We recently sat down with film-maker, Shane Anderson, to talk about his film “The Lost Salmon” and issues facing the incredible Spring Chinook. Shane’s film tells the story of Spring Chinook and how we are on the verge of losing them. Follow along to learn more about Shane Anderson, “The Lost Salmon,” and ways to save these incredible fish.
Flylords: Shane before we dive into the film, tell us a little bit about you, your background, etc..
Shane: I grew up in Olympia, Washington and was raised in a fishing family, my uncle is Kerry Burkheimer of CF Burkheimer Fly Rods, so fish and fishing have been a central part of my life and excitement.
I moved to Tahoe out of high school and became a professional skier at the beginning of the whole free skiing movement and didn’t fish for awhile until I broke my back at the 2000 X games. I then had two consecutive knee surgeries and ultimately ended up losing that career. The rivers called to me as a form a therapy and excitement in my life when I really needed it. I began making the annual pilgrimage to the Trinity and Klamath Rivers and caught the steelhead fever which eventually led to me going back to school at Humboldt State to study fisheries and then starting my film career with Wild Reverence: The Wild Steelheads Last Stand.
Flylords: How did “The Lost Salmon” come to be? Was there one moment, when you thought “I’m going to make a film about springers?”
Shane: I’ve always been fascinated with the genetic side of salmon and steelhead and the importance of preserving wild genetics that have evolved to specific landscapes. I didnt grow up fishing for springers like a lot of people here in the PNW but when I moved back to Washington State I started to re-explore the rivers on the Olympic Peninsula by snorkeling in the summer. I was shocked with how few springers and summer steelhead were left in these rivers despite pristine habitats. Fast forward about 10 years and Dr. Mike Miller was staying at my house during a symposium for a proposed dam on the Chehalis River, and he was presenting his research with his wife Dr. Tasha Thompson. After staying up late talking salmon genetics, I wanted to make a short film about it. I had no intention then of making a feature film over two years.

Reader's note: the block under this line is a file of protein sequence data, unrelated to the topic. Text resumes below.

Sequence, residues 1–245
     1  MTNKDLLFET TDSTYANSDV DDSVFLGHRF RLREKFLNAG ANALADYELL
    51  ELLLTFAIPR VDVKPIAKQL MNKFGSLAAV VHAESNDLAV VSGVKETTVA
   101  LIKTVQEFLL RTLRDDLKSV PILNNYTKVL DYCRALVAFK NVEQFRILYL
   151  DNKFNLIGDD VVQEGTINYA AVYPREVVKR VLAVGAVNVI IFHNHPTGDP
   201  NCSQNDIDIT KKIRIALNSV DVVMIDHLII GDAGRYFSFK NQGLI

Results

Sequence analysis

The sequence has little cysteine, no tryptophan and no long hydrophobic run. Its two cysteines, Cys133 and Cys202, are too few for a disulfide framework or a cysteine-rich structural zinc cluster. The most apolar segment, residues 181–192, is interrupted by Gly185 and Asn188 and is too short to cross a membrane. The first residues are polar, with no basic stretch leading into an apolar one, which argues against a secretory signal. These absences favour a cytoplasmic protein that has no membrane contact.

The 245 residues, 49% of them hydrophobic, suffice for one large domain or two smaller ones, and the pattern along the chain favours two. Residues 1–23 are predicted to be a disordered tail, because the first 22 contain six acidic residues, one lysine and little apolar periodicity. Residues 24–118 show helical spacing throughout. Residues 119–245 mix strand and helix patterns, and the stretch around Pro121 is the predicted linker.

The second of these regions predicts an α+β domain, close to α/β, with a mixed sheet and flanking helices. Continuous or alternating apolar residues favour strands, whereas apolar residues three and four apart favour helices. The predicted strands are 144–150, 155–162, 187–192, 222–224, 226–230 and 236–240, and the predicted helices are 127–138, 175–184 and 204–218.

Flylords: What makes these spring Chinook so prolific and special?
Shane: Their evolutionary story and their incredible life histories and migration make them the king of all salmon. Sure, they are the best tasting salmon on earth due to their high fat content, but it’s their story and relationship to place that give them a special place in my heart. Most salmon return in the fall and can all overlap with each other with often very short migratory windows. The fact that springers spend up to six months in freshwater can really bring a river to life.
Flylords: Based on the film, it seemed like some of these populations are in a bit of a catch-22: genetic diversity will improve their resilience to climate change, but it is also causing fish to run at different times of the year with some devastating results. Care to expand on that?
Shane: Yeah, a prime example of anthropogenic effects changing genetic diversity and not in a good way. The way we have changed and re-engineered river systems has had devastating impacts genetically that we are just starting to learn more about with the discovery of the GREB 1L gene and how hybridization between spring and fall chinook is encouraging migrations in the summer which is the worst possible time for a salmon. The interbreeding of spring and fall-run fish is caused by changes in habitat which can include damming a river with no fish passage, changing hydrologic cycles of a river, changes in water temperatures from dams and the fish and wildlife agencies assault on waterfalls across salmon country. In the 1960’s Fish and Wildlife agencies in Washington, Oregon, California and other states had entire programs dedicated to the removal of waterfalls because they thought they blocked fish habitat, not knowing they were changing a very important separation barrier between fall and spring chinook. The fish evolved with waterfalls and ignorant good intentions altered millions of years of evolution. This is going to be hard and expensive to fix.
Flylords: You covered many different river systems/distinct populations–were there any that really stuck with you?